-- Give credit to the Hurricanes for mental fortitude coming into the second period. Columbus scored a power-play goal with just 1:01 left in the first period to cut Carolina’s lead in half. That could have easily been a momentum-crippling tally, but the Canes maintained their one-goal advantage before turning it into a 3-1 lead nearly seven minutes in.
Justin Faulk burst into the zone shorthanded, beating McElhinney for his first goal of the season and the team’s first shorthanded goal; Carolina scored 11 goals on the man disadvantage in 2013-14.
"It’s a momentum swing, for sure, and it ends up being the game-winner," Peters said. "It was a huge play. They’re thinking of getting one to tie it up, and the next thing you know they’re down two. It’s a lot easier in this league to play with a lead, and a two-goal lead especially.”
-- A frustrated Columbus team began taking some liberties physically in the third period, the most egregious of which was Jack Johnson's blindside shot to the head of Jiri Tlusty. Tlusty was slow to get up, and somehow, Johnson received only two minutes for the vicious headshot. It's an illegal hit that should be reviewed by the NHL, and there's no reason Johnson should be in the lineup come Friday in Raleigh.
Tlusty left the game and did not return.
"He said he feels fine. It looked pretty bad. It doesn’t look good when you look at the video. But he said he feels fine," Peters said. "He’ll go get looked at … and go through all the procedure he needs to go through and hopefully everything’s fine.”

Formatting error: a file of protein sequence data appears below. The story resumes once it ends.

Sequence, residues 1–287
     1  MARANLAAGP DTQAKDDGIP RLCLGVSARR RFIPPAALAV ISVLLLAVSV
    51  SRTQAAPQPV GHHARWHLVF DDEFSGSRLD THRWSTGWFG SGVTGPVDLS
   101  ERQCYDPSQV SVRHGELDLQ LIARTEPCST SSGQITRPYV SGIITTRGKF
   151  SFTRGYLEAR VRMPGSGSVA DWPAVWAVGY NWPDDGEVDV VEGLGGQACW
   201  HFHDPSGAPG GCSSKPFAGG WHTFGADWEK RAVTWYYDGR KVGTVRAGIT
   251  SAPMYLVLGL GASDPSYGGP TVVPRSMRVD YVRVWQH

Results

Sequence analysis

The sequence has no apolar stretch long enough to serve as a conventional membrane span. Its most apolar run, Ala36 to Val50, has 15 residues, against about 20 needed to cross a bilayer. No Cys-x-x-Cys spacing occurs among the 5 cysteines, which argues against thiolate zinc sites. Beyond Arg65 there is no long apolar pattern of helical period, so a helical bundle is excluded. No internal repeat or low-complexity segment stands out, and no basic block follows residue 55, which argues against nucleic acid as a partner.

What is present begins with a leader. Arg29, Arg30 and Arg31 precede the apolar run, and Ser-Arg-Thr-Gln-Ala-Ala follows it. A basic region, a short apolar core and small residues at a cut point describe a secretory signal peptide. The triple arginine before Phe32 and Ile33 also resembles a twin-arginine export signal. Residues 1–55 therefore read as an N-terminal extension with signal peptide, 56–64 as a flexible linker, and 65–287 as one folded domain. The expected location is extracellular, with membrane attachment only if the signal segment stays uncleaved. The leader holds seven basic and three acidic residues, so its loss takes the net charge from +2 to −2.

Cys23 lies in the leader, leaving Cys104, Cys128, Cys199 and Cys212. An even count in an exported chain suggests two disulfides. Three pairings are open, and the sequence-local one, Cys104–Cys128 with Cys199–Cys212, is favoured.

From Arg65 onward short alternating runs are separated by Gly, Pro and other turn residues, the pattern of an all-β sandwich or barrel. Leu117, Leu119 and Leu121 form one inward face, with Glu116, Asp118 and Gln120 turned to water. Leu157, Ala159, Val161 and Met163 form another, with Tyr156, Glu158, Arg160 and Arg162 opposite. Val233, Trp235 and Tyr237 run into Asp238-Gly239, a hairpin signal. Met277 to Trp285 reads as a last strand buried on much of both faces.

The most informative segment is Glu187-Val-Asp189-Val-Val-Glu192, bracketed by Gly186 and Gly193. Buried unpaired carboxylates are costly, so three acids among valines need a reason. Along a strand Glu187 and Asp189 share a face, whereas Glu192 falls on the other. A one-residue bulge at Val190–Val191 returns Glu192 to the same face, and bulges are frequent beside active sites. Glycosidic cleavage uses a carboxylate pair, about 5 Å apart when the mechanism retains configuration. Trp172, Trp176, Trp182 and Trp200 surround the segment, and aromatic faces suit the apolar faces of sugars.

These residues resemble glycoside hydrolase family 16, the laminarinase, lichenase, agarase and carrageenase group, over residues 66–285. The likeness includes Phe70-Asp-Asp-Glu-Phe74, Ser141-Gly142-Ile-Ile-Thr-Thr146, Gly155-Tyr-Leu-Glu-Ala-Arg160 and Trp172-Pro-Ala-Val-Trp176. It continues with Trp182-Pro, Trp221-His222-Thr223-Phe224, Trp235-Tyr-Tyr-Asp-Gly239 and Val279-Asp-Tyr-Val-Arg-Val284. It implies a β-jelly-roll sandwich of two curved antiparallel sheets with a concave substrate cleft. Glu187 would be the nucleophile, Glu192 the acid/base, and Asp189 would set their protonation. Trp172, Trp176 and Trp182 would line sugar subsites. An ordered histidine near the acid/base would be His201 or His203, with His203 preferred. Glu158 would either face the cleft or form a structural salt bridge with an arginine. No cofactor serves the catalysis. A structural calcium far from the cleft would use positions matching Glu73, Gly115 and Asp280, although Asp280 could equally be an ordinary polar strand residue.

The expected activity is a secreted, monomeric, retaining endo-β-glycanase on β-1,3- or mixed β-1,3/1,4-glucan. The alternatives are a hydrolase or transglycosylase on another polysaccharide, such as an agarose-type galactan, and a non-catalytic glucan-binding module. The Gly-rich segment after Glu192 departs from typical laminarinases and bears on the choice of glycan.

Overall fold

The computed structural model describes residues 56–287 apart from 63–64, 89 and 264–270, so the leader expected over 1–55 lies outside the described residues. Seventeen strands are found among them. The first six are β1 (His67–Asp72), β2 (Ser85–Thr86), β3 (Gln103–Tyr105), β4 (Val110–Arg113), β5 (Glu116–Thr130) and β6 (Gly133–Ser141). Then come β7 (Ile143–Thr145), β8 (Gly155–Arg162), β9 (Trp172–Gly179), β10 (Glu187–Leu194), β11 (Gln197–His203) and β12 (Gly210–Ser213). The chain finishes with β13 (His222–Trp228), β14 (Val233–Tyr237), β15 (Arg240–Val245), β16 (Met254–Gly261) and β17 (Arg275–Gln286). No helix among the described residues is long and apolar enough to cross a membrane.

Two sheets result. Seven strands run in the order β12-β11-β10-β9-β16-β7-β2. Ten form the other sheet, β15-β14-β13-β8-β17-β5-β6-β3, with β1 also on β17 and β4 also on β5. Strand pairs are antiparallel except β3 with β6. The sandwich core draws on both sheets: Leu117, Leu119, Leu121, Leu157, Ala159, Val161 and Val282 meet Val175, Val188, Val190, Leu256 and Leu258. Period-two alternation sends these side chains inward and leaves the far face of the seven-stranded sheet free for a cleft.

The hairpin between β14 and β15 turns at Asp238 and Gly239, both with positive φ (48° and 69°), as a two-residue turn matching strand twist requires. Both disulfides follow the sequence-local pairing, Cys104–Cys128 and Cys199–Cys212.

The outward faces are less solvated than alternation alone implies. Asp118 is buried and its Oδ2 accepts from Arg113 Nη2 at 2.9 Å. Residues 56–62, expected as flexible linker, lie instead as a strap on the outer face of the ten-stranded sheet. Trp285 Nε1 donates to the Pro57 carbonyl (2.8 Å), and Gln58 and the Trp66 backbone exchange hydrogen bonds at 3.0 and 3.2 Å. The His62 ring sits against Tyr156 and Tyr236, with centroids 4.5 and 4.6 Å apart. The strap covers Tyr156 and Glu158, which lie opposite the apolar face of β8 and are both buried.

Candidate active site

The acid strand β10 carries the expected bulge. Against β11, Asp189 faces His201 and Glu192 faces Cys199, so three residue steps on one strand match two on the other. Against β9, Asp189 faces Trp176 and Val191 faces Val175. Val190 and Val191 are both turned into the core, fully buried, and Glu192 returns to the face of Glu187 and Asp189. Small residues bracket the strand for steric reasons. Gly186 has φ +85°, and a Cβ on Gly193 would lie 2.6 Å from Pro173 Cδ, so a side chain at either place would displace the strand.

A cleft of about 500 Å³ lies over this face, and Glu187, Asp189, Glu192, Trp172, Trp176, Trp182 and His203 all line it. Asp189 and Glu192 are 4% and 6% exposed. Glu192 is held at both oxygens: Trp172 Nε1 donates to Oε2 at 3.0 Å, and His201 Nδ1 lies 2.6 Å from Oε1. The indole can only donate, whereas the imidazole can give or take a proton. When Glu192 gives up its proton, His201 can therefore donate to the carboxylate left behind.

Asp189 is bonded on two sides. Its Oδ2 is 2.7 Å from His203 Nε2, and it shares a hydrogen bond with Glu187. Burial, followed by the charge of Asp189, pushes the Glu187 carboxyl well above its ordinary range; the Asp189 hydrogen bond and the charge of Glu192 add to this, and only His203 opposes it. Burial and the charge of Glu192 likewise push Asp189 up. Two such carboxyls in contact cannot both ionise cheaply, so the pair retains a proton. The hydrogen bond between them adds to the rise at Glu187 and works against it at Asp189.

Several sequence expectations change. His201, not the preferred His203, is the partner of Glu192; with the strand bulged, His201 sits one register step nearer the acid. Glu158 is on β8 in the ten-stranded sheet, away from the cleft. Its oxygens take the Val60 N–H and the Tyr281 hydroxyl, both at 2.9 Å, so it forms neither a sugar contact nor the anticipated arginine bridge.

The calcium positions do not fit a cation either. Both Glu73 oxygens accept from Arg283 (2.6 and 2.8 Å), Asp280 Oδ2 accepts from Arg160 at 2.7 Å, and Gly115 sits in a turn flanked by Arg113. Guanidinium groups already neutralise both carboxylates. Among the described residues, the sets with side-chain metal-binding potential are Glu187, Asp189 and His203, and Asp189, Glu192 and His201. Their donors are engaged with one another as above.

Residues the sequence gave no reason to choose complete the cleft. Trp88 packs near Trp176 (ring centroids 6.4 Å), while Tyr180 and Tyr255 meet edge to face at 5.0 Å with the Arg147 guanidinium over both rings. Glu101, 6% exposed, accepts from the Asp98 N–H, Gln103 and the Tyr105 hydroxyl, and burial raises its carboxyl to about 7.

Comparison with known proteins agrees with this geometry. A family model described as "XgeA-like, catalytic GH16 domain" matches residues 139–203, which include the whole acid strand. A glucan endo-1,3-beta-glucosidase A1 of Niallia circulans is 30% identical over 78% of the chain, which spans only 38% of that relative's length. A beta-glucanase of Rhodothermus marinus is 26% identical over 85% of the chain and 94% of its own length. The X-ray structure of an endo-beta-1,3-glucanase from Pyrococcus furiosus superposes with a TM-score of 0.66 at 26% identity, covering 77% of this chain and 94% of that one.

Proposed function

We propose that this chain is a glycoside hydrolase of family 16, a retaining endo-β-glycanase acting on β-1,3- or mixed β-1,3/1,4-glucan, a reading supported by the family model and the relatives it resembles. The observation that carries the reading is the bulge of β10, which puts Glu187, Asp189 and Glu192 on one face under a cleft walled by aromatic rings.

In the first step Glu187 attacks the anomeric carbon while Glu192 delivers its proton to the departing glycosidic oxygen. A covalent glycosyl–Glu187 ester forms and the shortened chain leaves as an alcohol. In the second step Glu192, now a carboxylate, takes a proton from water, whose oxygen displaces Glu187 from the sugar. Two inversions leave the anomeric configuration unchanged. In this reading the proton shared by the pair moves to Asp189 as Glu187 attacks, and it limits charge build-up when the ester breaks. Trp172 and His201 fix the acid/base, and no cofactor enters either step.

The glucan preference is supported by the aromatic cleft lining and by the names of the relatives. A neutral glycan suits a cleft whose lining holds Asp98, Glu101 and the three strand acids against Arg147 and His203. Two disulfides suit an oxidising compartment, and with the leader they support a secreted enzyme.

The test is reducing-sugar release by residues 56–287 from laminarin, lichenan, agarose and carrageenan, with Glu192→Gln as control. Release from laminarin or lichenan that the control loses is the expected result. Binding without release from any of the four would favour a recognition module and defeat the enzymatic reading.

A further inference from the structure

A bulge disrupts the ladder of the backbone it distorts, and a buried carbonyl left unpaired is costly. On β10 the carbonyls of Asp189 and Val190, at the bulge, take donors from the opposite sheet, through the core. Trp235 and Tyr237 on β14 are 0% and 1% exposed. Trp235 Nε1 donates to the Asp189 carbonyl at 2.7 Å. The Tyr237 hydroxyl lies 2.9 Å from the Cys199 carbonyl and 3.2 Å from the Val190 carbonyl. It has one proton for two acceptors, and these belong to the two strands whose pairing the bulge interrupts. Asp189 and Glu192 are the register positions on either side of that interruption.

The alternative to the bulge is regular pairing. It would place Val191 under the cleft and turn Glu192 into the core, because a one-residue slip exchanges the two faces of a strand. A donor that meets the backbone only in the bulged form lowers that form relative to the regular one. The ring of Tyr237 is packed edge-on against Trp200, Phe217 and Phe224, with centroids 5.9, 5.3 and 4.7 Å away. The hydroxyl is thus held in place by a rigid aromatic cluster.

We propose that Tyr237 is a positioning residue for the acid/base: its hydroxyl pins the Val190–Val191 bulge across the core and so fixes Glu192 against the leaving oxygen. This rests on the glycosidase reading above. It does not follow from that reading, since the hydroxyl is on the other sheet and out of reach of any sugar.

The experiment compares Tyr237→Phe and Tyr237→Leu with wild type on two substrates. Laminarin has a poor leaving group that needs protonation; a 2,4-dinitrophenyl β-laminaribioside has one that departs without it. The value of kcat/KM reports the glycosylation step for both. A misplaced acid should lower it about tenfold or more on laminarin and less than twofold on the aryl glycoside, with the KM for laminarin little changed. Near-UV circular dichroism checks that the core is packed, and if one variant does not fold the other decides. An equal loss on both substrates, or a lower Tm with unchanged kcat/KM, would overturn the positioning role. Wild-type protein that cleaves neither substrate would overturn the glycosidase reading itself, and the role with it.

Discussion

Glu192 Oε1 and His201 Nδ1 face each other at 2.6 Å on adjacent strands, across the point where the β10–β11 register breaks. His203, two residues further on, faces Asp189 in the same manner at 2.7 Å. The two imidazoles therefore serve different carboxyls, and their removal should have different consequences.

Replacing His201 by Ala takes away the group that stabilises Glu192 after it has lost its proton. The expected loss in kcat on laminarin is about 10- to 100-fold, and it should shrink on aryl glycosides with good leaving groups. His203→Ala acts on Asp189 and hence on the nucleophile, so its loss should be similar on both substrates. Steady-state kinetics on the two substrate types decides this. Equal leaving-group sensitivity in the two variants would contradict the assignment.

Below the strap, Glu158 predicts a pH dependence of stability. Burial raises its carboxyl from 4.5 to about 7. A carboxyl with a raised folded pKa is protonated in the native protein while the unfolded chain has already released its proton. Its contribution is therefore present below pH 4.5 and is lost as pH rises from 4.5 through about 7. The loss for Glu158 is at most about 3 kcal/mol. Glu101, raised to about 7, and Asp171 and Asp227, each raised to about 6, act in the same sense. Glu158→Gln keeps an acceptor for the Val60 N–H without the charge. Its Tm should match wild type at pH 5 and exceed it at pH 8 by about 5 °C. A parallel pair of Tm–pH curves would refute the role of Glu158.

-- The Canes held the Blue Jackets to just 12 shots through 40 minutes, including a measly three in the middle frame. Carolina had already posted 18 shots on goal in the first period alone. The Canes would go on to total 37, again breaching the 35-shot threshold.
"We’re trying to focus on getting pucks to the net and guys to the net," Boychuk said. "For us to take advantage early on was good."
-- On the legal side of physicality, Brett Bellemore continues to just hammer the opposition. He was credited with four hits, tied for the team lead, against the Kings on Sunday, and he posted another four tonight in Columbus. His physical presence is exactly what the Canes need from him.
-- After being a healthy scratch for the last two games, tonight was important for Alexander Semin. Peters said this morning that he wanted to see Semin work and play with the pace of the league. Semin skated at even strength on the top line with Eric Staal and Jiri Tlusty, while Jeff Skinner slotted in his wing spot on the power play.
-- The Hurricanes will face these same Blue Jackets in Raleigh on Friday, a home-and-home situation with a built-in two-day buffer.
"It’s not going to change a whole bunch. I’d be shocked if it did. We know what to expect," Peters said about the Friday rematch. “We’ll take a day off, have a good practice on Thursday and be ready for Friday and Saturday.”
"We want to keep this feeling going," Staal said. "We’re feeling more comfortable with what we’re doing. We’ve just got to keep building. It’s a lot funner being on the winning side than where we were before.”